Burke v. Smith
APPEAL from the Circuit Court for the District of Indiana, the case being thus:
Burke, Putnam, and others were the equitable owners of a judgment recovered in 1857 against the New Albany and Sandusky Railroad Company. Upon this judgment an execution was issued in 1858, which, on the 1st of December of that year, was returned 'nulla bona.' On the 29th of January, 1868, that is to say, about ten years after the execution had been thus returned unsatisfied, they brought the present suit. It was a bill in chancery against one Smith and some twenty-seven other defendants, and, alleging the insolvency of the company, it sought to subject to the payment of the judgment, rights which, it alleged, the company had against the said defendants. It averred that the defendants, on the 22d of August, 1853, under the general railroad laws of Indiana, organized the above-named railroad company and subscribed to its capital stock, severally, amounts which they had never paid, and the object of the bill was to compel the payment of the debts thus incurred, and the application of the payments to the satisfaction of the complainants' judgment. The facts were these:
On the 22d of August, 1853, under the general railroad laws of the State, the defendants, with others, united in forming articles of association for the incorporation of the New Albany and Sandusky Railroad Company, and severally subscribed to its capital stock in sums varying from $1000 to $5000. [The railroad laws referred to allow, it may be added, no organization of a road until at least $50,000, or $1000 for every mile of the proposed road, shall have been established.] The articles of association contained the following stipulation:
'Provided, however, and it is hereby understood, that if the city of New Albany, in its corporate capacity, shall hereafter take stock in this corporation to the amount of $50,000 or upwards, inasmuch as the present subscribers being residents of, and owning property in said city, will then be under the necessity of contributing still further to the corporation by way of taxation, unless a portion of the present subscription is taken off their hands, the said city shall accept, in part of the amount to be subscribed in its corporate capacity, at its par value, a transfer of any amount of stock now subscribed for by each individual over and above the amount of six shares, or $300, which each such individual may desire or request shall be so transferred.'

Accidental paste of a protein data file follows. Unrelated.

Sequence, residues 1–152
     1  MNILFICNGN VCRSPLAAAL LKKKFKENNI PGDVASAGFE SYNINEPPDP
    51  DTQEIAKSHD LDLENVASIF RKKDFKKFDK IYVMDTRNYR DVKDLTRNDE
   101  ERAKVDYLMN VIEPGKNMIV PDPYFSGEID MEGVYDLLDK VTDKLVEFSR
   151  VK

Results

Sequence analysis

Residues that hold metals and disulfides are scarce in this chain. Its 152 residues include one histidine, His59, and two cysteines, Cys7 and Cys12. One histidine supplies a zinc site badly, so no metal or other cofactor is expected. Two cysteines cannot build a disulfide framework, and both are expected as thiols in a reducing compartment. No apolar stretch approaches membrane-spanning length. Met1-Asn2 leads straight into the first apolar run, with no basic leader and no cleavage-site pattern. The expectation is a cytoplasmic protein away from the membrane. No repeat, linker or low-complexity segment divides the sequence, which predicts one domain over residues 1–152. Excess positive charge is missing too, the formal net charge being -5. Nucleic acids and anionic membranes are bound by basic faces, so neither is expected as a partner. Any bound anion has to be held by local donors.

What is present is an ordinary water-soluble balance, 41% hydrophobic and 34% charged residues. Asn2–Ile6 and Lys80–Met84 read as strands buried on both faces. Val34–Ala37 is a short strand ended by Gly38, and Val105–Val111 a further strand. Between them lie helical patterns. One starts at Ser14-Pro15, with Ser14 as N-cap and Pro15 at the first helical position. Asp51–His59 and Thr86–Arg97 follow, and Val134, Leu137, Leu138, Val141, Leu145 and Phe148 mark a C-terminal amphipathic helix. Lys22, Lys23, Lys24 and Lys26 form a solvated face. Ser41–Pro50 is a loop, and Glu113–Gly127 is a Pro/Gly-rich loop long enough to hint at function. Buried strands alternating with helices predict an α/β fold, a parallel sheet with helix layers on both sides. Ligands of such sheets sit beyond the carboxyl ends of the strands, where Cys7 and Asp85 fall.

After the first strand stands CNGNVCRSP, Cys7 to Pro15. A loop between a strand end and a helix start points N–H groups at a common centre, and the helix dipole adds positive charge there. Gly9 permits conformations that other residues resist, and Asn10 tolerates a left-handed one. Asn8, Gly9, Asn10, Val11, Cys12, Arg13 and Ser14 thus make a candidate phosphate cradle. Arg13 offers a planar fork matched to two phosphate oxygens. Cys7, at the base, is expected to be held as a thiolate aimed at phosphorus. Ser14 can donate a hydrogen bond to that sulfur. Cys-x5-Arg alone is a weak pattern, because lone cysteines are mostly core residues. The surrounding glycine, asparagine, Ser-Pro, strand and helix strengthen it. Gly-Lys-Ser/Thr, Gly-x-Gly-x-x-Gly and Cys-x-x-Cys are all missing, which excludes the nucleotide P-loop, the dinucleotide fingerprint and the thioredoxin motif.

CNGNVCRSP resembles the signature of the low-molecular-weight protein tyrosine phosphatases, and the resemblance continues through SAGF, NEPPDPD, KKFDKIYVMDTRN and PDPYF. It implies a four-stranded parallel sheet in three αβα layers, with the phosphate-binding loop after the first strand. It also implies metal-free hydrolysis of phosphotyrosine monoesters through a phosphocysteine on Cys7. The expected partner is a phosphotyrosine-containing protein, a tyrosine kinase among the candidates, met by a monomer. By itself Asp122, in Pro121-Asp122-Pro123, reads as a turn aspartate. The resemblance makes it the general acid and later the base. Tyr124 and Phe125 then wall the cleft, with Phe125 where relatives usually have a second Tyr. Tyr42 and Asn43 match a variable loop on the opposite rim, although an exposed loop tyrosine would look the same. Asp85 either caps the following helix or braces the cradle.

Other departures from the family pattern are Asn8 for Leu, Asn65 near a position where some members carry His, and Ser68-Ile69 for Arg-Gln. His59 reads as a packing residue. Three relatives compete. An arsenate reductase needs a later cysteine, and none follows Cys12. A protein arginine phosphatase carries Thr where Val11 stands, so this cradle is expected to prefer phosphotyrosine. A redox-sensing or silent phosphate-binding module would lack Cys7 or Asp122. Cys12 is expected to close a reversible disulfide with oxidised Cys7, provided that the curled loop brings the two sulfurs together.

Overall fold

There were fifty-five original subscribers, and the aggregate amount of the subscriptions was $148,750. With such a subscription, and under such articles of association, the subscribers became a corporate body. After their incorporation the city of New Albany subscribed $400,000 to the capital stock of the company.  This subscription was made on the 19th of November, 1853, and on the 31st of December next following, the directors of the company adopted an order,
'That the original subscribers to the articles of association be permitted, in accordance with the stipulations contained in the articles, to transfer any amount of the stock so originally subscribed by them over and above the amount of six shares, or $300, to the city of New Albany; said city having made a subscription to the stock of said company to the amount of $50,000 and upwards, and that the stock thus transferred be merged in the subscription already made by said city, so that the stock of said city, under her present subscription, with the stock so transferred, shall not exceed $400,000 as subscribed by her.'
The directors of the company, who made this order, were themselves subscribers, like the defendants, for more than six shares, or sums above $300.